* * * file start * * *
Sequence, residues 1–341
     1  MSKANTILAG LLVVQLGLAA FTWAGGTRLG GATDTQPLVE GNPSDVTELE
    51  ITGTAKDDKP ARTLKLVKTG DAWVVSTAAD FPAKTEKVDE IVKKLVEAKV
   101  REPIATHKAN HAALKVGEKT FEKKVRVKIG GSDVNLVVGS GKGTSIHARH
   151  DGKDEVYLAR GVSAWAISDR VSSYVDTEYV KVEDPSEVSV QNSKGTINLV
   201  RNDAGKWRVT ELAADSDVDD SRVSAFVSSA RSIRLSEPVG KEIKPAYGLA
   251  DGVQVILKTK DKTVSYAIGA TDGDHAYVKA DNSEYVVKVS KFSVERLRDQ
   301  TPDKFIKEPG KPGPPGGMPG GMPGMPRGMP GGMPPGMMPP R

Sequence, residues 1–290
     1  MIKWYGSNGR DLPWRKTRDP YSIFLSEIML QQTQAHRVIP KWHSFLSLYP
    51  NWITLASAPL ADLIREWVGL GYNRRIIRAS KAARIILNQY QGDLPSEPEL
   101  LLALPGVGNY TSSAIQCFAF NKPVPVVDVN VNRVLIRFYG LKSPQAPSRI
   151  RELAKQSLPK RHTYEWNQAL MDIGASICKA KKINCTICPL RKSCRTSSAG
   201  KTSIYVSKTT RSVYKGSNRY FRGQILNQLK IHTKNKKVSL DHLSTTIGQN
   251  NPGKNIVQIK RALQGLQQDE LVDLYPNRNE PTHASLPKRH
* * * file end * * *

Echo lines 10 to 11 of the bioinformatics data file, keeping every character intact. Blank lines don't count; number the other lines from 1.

     1  MIKWYGSNGR DLPWRKTRDP YSIFLSEIML QQTQAHRVIP KWHSFLSLYP
    51  NWITLASAPL ADLIREWVGL GYNRRIIRAS KAARIILNQY QGDLPSEPEL